A flight school calls for regulatory relief to allow emergency transport services – similar to Emergency Declaration – 49 CFR § 390.23, No. 2020-002
AUGUSTA, GEORGIA, UNITED STATES, March 23, 2020 /EINPresswire.com/ — Under current rules, a flight school cannot use training aircraft and Certified Flight Instructors to transport essential supplies, equipment, or persons – while charging for it. Though these aircraft are inspected to strict FAA Standards every 100 hours, and are flown almost daily by commercially rated instructors for commercial operations like: flight instructing, aerial tours, photography, and pipeline patrol – they are prohibited from providing on-demand transport services. As flight training is being curtailed by the pandemic many of these operators are left to flounder. Yet, there remains a growing and unmet need for expedited transport. Flight schools are valuable assets that are standing-by to help.
This past Monday, March 13th, the Federal Motor Carrier Administration – under the Department of Transportation – approved an emergency measure to allow motor carriers to expand their transport capacity during this crisis (49 CFR § 390.23, No. 2020-002).
On March 21st the Wall Street Journal published an article – Lobbyists Pile On to Get Wins for Clients Into Coronavirus Stimulus Package – about industries clamoring for government dollars in order to sustain. Chief amongst them is the aviation industry. The writers, Mullins and Mann, affirm that “many companies are pushing for measures aimed at corporate survival during a historic economic downturn: injections of government cash, tax credits, and deregulations aimed at keeping them afloat through the pandemic.” MVP Aviation is opting for deregulation. “We just want to work, and be part of the solution,” says Dobbins, MVP Aviation.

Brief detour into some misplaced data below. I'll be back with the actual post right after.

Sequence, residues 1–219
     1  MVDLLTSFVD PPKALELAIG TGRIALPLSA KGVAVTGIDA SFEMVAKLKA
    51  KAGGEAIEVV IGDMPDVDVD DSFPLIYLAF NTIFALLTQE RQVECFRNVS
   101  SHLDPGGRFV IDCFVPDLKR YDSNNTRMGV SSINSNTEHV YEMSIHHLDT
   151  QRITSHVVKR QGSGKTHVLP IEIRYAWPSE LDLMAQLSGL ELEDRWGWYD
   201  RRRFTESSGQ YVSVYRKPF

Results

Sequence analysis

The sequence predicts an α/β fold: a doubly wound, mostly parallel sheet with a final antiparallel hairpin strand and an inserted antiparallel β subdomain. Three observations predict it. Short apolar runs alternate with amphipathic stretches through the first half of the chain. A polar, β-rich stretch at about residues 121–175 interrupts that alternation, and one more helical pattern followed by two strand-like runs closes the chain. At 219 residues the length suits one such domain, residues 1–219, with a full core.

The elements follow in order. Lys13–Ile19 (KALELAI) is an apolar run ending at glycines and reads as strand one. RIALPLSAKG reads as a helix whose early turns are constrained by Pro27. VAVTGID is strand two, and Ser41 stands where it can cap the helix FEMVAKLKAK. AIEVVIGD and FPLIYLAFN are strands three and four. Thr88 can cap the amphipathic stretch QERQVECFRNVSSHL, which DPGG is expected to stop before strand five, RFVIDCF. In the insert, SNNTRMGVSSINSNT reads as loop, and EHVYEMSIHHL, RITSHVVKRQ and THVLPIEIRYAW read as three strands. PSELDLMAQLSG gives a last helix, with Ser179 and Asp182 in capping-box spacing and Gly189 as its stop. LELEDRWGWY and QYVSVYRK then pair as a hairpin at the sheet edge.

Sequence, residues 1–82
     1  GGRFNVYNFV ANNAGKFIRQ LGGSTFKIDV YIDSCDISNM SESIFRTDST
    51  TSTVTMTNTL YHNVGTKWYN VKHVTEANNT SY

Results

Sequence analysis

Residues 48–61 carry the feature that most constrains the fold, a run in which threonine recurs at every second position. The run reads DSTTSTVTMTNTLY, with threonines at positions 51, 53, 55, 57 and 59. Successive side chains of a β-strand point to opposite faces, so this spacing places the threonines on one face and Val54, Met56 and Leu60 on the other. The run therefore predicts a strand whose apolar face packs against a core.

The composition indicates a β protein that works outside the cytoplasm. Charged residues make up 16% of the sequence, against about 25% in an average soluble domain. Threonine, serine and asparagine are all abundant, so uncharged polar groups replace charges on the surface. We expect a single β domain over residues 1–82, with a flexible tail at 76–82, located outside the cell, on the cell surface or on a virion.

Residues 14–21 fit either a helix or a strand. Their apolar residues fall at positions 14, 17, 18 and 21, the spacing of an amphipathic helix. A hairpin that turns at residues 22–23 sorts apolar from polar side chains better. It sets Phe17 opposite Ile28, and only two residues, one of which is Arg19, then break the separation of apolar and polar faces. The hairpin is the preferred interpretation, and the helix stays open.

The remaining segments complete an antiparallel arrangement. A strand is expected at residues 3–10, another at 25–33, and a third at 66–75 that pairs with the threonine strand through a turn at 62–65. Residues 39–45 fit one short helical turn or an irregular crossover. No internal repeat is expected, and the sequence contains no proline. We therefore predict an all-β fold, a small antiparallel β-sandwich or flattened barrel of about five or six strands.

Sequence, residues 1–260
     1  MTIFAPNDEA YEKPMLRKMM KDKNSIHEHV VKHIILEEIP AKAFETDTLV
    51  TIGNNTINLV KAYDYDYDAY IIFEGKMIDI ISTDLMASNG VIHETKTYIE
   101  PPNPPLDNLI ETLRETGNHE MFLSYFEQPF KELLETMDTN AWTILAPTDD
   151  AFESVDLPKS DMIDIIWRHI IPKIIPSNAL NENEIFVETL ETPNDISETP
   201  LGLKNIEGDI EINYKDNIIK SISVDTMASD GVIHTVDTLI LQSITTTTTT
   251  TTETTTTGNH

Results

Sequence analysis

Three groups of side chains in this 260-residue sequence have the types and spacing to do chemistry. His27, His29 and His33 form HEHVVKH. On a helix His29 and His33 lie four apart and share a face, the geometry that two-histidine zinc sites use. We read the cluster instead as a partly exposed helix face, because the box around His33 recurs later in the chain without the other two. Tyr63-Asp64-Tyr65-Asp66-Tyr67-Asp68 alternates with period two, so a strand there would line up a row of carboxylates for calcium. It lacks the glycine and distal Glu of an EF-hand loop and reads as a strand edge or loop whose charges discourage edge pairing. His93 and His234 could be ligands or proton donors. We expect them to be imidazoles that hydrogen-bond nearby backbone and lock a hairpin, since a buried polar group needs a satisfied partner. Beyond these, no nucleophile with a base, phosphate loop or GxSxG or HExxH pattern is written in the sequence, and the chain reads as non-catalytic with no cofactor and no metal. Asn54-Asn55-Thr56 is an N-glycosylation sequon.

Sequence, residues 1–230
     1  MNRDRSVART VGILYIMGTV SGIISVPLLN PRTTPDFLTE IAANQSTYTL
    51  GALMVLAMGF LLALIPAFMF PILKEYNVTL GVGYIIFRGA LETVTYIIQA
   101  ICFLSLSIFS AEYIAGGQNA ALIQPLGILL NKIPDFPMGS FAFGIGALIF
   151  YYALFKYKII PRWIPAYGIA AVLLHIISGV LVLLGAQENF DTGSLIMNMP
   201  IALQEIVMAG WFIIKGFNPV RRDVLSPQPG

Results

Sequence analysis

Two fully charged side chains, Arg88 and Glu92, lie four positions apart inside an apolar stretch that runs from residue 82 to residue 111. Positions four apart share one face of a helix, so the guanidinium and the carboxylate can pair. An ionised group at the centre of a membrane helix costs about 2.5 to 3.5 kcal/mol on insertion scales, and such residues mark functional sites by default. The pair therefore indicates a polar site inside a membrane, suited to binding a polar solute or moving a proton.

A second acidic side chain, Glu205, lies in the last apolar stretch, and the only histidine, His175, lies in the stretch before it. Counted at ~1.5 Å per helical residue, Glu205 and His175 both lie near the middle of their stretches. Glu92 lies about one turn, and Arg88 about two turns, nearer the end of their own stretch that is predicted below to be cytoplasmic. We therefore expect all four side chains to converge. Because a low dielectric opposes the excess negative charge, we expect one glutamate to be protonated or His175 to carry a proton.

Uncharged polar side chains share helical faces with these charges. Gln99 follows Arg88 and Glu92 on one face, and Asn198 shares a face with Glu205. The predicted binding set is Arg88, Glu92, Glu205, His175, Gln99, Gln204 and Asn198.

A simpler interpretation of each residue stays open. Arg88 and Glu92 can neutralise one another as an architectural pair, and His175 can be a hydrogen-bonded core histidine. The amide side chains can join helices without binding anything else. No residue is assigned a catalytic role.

MVP is asking the Federal Aviation Administration (FAA) – which is also under the Department of Transportation – to approve an emergency measure allowing small commercial aircraft operators to help too, by expanding expedited transport during this period of National Emergency.
“We just want to work, and be part of the solution.” MVP
On-demand charter operators are regulated under 14 CFR Part 135. They are often cost prohibitive when there is a need for small loads to be flown over short distances. An example could be COVID-19 test kit distribution or the redistribution of ventilators, throughout rural communities. Most counties have a local airport. However, most of these are not serviced by a cost effective air service. By loosening constraints and allowing small-entity operations, some will argue that it competes with present Part 135 Charter Operators. But this is simply not the case. The majority of charters fly small jets or medium-size turboprop aircraft. They are not economically feasible in operations suited for Cessna 172s and when it comes to the short haul. Especially when they are equipped like MVP Aviation’s Superhawk, hauling up to a 600 lb payload, and able to operate out of 1,500 feet runways. Lastly, the Cessna 172 is arguably the safest small aircraft ever produced, and it is a waste of assets to allow them to sit idle in a time of national crisis.
E-mail us at: Info@MVPaviation.com
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MVP Aviation is based at Augusta Regional Airport (AGS), Bush Field – and provides both flight training and aerial photography. MVP is also a value-added service provider for Eureka Earth – an Augusta tech startup, developing a nationwide program for civilian operated Aerial Intelligence services – Live HD, on demand and controlled from anywhere.
Source: EIN Presswire